Truth be told: The kids are in chargeWho wears the pants at your house? This phrase, which refers to the person who is in charge of a particular situation, originated in the days when TV screens showed us the world in black and white.
Who wears the pants at your house? This phrase, which refers to the person who is in charge of a particular situation, originated in the days when TV screens showed us the world in black and white.
Beaver Cleaver’s mom never wore pants. Dedicated homemaker, June Cleaver, did her housework in a dress, complete with tightly belted waist, a pearl necklace and high heels. Family patriarch Ward Cleaver wore the trousers and served as omnipotent decision-maker and allowance-wielder — hence the phrase.
It was a bit of a sexist world back then.
Oh, to be in June Cleaver’s shoes, doing housework, or not. Ouch.
It’s no longer a black and white world. Women have been known to wear pants — and comfortable shoes — in the kitchen as well as the boardroom. We’ve come a long way baby.
Many households now function under a two pants regime. That’s how we operate where I live. My husband and I attempt to govern using democracy — with neither of us getting a leg up on the other. We both wear the pants. At least we did, until I lost mine.
It wasn’t during a game of poker. This isn’t anything like that.
I lost my pants — literally lost them. To make matters worse, they weren’t any old run-of-the-mill pants; they were my favorite jeans. Favorite. Jeans.
You know how it is with favorite jeans: it takes years to break them in so they are molded to meet your curves and faded in all the right places. Favorite jeans are — in a word — irreplaceable. And mine were gone.
How does one lose something as large (and dear) as a pair of (perfectly loved) pants? Good question. I couldn’t imagine the likelihood, so I searched and searched (and searched and searched). I looked in my closet, then my kids’ closets. I got down on the floor and peered under the beds. I foraged through the laundry pile. I even checked our luggage, remembering a recent hotel stay.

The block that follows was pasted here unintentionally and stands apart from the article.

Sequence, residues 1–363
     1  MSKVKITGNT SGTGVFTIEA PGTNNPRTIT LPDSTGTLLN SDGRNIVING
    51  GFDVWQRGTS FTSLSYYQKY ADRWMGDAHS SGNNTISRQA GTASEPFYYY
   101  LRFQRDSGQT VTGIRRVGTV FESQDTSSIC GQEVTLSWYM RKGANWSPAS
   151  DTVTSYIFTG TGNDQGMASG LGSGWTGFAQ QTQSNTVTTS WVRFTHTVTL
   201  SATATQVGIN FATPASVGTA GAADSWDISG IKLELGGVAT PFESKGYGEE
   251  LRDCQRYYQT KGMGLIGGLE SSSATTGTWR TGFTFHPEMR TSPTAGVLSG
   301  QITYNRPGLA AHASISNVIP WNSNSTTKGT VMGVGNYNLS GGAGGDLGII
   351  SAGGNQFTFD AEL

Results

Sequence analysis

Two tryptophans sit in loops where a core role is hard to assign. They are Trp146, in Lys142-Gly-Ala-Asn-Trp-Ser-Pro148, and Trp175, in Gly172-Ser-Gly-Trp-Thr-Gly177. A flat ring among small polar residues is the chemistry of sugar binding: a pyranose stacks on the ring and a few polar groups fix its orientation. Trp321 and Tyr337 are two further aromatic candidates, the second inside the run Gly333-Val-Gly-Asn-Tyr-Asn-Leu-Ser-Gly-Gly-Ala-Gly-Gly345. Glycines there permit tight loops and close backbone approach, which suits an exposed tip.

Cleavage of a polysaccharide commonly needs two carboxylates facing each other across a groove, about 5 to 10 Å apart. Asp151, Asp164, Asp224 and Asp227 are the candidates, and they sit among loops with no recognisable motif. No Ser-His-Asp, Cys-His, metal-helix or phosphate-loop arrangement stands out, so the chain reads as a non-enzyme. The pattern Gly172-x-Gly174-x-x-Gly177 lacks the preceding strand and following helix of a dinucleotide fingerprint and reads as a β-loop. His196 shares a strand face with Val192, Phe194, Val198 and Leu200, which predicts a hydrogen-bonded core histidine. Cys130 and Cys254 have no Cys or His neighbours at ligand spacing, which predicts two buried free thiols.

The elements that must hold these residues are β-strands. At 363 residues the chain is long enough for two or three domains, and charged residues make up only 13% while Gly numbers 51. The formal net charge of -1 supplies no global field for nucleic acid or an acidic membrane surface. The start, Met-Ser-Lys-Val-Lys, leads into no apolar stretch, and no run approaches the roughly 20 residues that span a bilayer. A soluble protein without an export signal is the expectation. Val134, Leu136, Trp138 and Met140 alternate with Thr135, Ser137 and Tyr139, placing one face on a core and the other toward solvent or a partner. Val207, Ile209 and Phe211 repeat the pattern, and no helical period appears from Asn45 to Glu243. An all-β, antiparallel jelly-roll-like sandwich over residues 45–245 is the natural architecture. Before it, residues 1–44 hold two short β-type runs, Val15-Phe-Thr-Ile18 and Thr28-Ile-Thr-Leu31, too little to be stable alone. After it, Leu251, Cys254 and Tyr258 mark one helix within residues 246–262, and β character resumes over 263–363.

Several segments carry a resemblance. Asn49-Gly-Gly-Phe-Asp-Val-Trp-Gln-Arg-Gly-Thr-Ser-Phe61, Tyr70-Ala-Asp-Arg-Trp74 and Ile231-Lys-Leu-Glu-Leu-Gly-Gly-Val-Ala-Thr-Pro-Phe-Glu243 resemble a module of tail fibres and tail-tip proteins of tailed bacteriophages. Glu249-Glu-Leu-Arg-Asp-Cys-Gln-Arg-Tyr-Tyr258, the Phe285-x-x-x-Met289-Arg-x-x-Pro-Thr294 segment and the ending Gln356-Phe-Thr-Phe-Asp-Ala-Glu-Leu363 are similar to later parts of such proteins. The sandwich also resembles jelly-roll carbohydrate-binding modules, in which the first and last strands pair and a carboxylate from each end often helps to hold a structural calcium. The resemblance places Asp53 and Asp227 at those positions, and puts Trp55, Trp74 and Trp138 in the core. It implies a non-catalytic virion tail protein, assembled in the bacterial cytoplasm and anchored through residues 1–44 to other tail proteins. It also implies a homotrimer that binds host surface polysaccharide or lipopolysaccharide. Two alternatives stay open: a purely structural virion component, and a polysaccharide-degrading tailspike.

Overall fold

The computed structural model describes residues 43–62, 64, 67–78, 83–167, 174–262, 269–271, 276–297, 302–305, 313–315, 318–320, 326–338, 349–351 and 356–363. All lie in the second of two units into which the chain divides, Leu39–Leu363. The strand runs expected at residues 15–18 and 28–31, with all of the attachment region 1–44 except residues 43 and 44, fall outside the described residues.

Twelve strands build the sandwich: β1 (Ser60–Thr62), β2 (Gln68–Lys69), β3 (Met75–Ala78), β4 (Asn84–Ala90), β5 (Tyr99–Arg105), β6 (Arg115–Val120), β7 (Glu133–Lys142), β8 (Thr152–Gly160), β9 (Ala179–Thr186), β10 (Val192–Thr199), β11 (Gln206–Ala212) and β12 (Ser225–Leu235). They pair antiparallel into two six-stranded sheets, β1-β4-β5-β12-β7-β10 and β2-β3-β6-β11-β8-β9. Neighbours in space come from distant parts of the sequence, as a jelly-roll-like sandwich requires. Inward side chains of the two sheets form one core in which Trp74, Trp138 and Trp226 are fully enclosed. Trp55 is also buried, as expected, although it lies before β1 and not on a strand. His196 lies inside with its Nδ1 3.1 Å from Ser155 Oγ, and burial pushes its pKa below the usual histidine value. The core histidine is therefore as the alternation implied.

No go. It was as if the favorite jeans had walked off on their own, which I understood was not possible. I decided I must have left them at the hotel – a fairly plausible explanation, given the chaos my family of six is able to create in a single hotel room.
I relinquished my favorite jeans to the denim gods and began the process of coming to terms with the idea of … replacement.
Trying on jeans is right up there with a root canal on my bucket list. I abhor the idea of sizing up the size of my rear compartment in a three-way mirror in a curtained dressing room. I’d rather eat chalk.
Because I am an intelligent adult, I understand the best way to approach an undesirable task is to avoid it. Therefore, my shopping trip got delayed. I sought solace in the satisfaction of my second favorite pair of jeans, which display a tendency to slump and sag in a couple of wrong places. At least I wasn’t eating chalk.
Then, in a series of seemingly unrelated but fortunate events, school ended, bringing with it the time-honored tradition of the emptying of the lockers. My middle son (known fondly as the packrat) came home with an extra-large garbage bag filled to the brim. As he worked to fit his bundle through the back door, I witnessed a glorious and unbelievable sight. There, resting atop the heap, sat my favorite jeans. (I guess my teenage son and I wear the same size pants, sort of.)
Who wears the pants at your house? I used to think I did. Then I lost my jeans and in the process discovered our household’s democracy is, in reality, more like anarchy.
The truth of the matter?
Neither my husband nor I wear the pants in our family. Our kids do.
Follow Slices of Life on Facebook. Jill Pertler is an award-winning syndicated columnist and author of “The Do-It-Yourselfer’s Guide to Self-Syndication” Email her at firstname.lastname@example.org; or visit http://marketing-by-design.home.mchsi.com.
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